The great thing about junctions is that they have this behaviour without the routine you’re passing them to having to know about it, so you can pass junctions to almost any library or core function and expect this kind of behaviour (it is possible for a routine to deliberately notice junctions and treat them how it prefers rather than using the normal autothreading mechanism). So if you have a routine which takes a value to smartmatch something against, you can pass it a junction and get that flexibility in the smartmatch for free. We use this in the Perl 6 test suite, with functions like Test::Util::is_run, which runs some code in another interpreter and smartmatches against its output.

To finish off, here are some other useful things you can do with junctions. First, checking if $value is present in @list:

any(@list) == $value

Junction constructors can work quite happily with the elements of arrays, so this opens up many possibilities. Others include:

all(@list) > 0; # All members greater than zero?
all(@a) == any(@b); # All elements of @a present in @b?

Go experiment, and have fun!

Day 7: Looping for fun and profit

Any programmer who’s ever used a language which has them probably knows that loops are incredibly useful. In languages which provide them, foreach loops for iterating over arrays or lists tend to end up being very common. In Perl 5, these loops were provided by the foreach keyword, although you could also write for, sharing a keyword with the more general C-style for loops.

In Perl 6, that’s all changed.

for is now exclusively for iterating over lists. foreach has disappeared, and C-style for loops are handled by the new keyword loop. We’re not going to discuss those today, but we are going to focus on the new for loop, which combines with some other Perl 6 language features to deliver an enormously flexible and powerful construct.

Let’s look at a basic case.

for 1, 2, 3, 4 { .say }

There some immediately noticeable things about the syntax here. There are no brackets around the list construction, which is something that extends throughout Perl 6. Generally, you need a lot fewer brackety characters than in Perl 5. Much like in Perl 5, the loop variable is $_ by default. The method call of say with no invocant is the same as saying $_.say. Note that in Perl 6, you cannot say say with no argument to default to $_, you have to use the .say form, or specify $_ explicitly.

The block doesn’t have to be an ordinary block. It can be a pointy block, which lets you name your loop variable using the pointy block’s parameter capability.

for 1, 2, 3, 4 -> $i { $i.say }

A pointy block is a bit like an anonymous subroutine, except it doesn’t catch return exceptions. If you call return inside a pointy block, the enclosing routine will return.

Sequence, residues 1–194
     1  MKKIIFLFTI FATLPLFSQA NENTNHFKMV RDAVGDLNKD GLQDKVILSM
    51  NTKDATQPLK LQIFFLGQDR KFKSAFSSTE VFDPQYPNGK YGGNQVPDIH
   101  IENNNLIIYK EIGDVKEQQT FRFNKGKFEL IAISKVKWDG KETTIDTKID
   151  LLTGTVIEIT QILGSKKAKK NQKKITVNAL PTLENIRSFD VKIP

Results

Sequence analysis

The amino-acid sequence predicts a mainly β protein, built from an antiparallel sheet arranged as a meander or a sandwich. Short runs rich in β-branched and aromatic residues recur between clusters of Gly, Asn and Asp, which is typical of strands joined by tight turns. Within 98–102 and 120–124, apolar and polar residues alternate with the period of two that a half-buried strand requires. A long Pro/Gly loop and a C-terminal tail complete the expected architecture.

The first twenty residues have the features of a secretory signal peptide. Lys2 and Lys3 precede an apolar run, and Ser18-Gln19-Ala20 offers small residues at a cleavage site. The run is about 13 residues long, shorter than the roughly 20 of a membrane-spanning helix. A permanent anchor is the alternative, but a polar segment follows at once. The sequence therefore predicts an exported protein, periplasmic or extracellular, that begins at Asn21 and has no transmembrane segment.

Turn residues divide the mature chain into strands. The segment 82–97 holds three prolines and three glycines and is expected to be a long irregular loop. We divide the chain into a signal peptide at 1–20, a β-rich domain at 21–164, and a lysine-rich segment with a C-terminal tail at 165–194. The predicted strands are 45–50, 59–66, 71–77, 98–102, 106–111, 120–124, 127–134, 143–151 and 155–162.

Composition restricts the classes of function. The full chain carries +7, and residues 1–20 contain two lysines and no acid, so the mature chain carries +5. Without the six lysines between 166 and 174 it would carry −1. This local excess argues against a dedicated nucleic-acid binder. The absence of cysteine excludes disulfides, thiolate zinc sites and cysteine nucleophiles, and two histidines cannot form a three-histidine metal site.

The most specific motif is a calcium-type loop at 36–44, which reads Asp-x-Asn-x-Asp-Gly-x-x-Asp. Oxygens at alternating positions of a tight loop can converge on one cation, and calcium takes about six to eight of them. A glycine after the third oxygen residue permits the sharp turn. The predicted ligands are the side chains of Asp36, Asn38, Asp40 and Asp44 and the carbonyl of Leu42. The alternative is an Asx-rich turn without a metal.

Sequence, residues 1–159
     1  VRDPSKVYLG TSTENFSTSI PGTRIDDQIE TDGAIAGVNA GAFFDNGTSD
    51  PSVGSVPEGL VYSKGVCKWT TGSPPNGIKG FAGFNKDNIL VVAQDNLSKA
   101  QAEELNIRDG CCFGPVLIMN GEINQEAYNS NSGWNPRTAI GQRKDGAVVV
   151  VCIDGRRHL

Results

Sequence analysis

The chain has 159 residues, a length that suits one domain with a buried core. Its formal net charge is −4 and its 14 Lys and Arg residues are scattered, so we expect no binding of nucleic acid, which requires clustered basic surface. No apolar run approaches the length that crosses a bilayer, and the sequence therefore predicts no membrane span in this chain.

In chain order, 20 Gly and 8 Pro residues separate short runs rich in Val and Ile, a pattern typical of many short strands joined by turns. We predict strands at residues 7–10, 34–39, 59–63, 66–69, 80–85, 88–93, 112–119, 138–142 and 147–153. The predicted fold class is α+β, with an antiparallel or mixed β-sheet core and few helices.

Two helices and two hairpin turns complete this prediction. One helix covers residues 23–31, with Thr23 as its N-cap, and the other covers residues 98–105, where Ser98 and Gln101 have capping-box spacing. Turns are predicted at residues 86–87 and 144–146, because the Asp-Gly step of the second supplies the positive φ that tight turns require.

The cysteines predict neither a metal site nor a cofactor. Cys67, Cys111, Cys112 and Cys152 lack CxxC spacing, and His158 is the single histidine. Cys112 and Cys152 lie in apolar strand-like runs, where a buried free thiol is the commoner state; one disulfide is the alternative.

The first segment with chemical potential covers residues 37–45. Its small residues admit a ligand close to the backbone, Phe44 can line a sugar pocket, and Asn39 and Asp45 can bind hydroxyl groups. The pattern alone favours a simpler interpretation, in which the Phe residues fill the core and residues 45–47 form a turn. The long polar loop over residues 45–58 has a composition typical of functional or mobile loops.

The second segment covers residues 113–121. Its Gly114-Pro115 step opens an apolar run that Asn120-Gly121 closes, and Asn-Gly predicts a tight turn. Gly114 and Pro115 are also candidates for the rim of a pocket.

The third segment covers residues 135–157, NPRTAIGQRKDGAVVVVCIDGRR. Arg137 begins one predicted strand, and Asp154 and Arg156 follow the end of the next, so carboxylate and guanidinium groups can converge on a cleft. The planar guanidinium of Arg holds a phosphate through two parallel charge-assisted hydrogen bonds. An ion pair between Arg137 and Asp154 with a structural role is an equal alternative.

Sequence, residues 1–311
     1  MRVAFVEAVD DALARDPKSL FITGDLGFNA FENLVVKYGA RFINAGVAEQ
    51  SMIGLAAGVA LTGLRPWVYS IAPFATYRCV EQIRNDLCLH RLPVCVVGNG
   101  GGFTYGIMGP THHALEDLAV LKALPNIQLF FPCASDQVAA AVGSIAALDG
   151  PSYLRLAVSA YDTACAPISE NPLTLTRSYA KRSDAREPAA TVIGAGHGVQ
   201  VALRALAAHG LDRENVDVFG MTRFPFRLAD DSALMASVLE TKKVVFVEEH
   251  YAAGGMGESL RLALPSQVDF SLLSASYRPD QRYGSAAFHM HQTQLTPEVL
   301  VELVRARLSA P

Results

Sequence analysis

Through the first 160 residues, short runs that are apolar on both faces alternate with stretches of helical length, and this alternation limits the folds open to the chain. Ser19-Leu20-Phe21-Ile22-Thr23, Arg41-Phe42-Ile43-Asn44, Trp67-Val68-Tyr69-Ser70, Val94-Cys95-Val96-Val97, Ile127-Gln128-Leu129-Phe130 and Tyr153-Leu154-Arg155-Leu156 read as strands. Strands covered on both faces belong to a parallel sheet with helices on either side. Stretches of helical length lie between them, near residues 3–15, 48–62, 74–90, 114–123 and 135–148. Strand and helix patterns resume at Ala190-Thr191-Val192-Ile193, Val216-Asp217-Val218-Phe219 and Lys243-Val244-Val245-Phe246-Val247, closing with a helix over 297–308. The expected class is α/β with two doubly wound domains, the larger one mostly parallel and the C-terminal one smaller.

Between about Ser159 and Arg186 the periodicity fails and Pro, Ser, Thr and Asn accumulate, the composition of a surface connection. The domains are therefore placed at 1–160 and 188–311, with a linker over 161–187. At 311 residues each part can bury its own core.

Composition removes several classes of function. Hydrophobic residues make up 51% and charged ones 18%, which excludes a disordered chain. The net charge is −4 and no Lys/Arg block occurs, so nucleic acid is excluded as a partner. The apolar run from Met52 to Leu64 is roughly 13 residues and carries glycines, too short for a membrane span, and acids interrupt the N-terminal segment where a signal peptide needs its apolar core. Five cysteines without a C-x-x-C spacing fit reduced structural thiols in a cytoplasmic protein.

Pointy blocks can take more than one parameter in their parameter lists. What happens if you do that?

for 1, 2, 3, 4 -> $i, $j { "$i, $j".say }

Well, if you run it, you get:

1 2
3 4

So what’s actually happened is that you’ve iterated over the list two elements at a time. This works for any number of parameters, with the minimum of one, degenerating to using $_ if you provide no explicit parameters yourself.

Having realised we can do this, what can we do with the generation of the list we iterate over? Well of course, we can use an array variable:

for @array { .say }

Although in many simple cases, we might prefer to use map: *.say;

Or a hyperoperator, if order and sequentiality isn’t important:


But neither of those things are today’s subject.

We might generate a list of numbers using the range constructor &infix:<..>:

for 1..4 { .say }

It’s very common that we want to generate a list of $n numbers beginning with 0, such as array indicies. We could write 0..$n-1, or using a variant of the range constructor 0..^$n, but Perl 6 provides a handy shortcut in the form of prefix:<^>:

for ^4 { .say }

Which will output:


One reason people often fall back on C-style for loops in Perl 5 is because they need to know what index in the array they are at for each item, or because they need to iterate over two or more arrays in parallel. Perl 6 offers a shortcut here, with the infix:<Z> zip operator.

for @array1 Z @array2 -> $one, $two { ... }

Assuming the two arrays are the same length, $one will be each element of @array1 and $two will be the corresponding element of @array2. If they are different lengths, iteration will stop when the end of the shorter array is reached.

With this knowledge, and the awareness that Perl 6 has lazy list generators, we can easily include the array index in the iteration:

for ^Inf Z @array -> $index, $item { ... }

Although if infinite lists make you nervous,

for ^@array.elems Z @array -> $index, $item { ... }

will give you the same results, but the most elegant presentation is probably:

for @array.kv -> $index, $item { ... }

@array.kv returns the keys and values interleaved, where the keys of an array are the element indices, so iterating over them two at a time has the desired effect.

Hopefully this post has given you an idea of the flexibility inherent in Perl 6’s for loops and how easy they can be to use for a variety of common tasks. Before we part, I’m going to answer one final question I know somebody’s been thinking.

What, you ask, if I want to iterate over four arrays at once?

for @one Z @two Z @three Z @four -> $one, $two, $three, $four { ... }

That’s a list associative infix operator, that is. Enjoy.